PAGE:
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Giving in D.C. stalls

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Residents of the Washington, D.C., area are giving roughly the same amount to charity, but the largest local corporations and the majority of local foundations are giving less, says a new report.

In 2001, individual donors in the region gave $5.5 billion, up only 1.8 percent from 2000, when giving grew over 12 percent, says the report by Washington Grantmakers, an association of over 140 foundations, corporate philanthropy programs and government grantmakers that give in the region.

Though individual giving was stagnant, area residents gave an average of $2,296 each, over twice the national average of $1,110.

The top 25 local corporate donors gave 22 percent less to local charities in 2002, only $89 million, compared to $114 million in 2001.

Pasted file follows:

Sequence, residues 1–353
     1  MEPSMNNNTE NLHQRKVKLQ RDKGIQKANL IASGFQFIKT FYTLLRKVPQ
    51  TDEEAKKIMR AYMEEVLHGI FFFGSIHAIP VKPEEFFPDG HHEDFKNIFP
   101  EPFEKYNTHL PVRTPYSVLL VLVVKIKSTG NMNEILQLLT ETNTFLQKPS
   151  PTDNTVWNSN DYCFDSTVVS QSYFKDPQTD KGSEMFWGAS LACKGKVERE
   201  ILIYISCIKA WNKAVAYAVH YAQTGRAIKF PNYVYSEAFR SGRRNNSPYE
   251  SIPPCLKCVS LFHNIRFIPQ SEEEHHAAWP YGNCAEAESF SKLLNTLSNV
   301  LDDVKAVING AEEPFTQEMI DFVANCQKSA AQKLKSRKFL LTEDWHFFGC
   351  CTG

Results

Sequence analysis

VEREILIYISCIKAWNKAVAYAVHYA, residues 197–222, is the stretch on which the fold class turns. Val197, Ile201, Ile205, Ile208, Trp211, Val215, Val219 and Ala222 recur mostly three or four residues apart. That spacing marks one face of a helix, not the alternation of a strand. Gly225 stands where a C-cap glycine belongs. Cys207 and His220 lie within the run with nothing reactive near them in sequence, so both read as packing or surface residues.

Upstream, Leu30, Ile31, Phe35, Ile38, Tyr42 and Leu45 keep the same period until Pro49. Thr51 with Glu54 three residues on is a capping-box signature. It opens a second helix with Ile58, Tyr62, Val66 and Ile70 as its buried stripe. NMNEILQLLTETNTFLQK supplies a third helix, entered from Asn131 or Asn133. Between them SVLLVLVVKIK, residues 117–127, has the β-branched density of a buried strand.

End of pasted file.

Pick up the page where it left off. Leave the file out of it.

Over half of the 1,300 local, private foundations reduced their grantmaking in 2002 and over half lost assets, says A Region of Givers 2003, the fourth annual report on Washington, D.C., philanthropy.

The top 100 private foundations gave over $491 million in 2002, with nearly half going to nonprofits in the area, half going to nonprofits nationwide and 2.5 percent going to international groups.

Nearly two out of three nonprofits surveyed said they received less or the same amount of money from individuals, corporations and the government than in 2002, while three out of four nonprofits said they received less or the same in foundation grants.

While local nonprofits are bringing in fewer donations, nearly three out of four nonprofits surveyed are getting more demand for their programs and services.

Washington Grantmakers predicts that individual, corporate and foundation giving will continue to drop because of the weak economy.

Last year, Washington Grantmakers and 20 other groups launched a local version of the national Network for Good web site called TouchDC.org, which tries to improve local philanthropy by highlighting local charities and allowing people to donate money or arrange to volunteer online.

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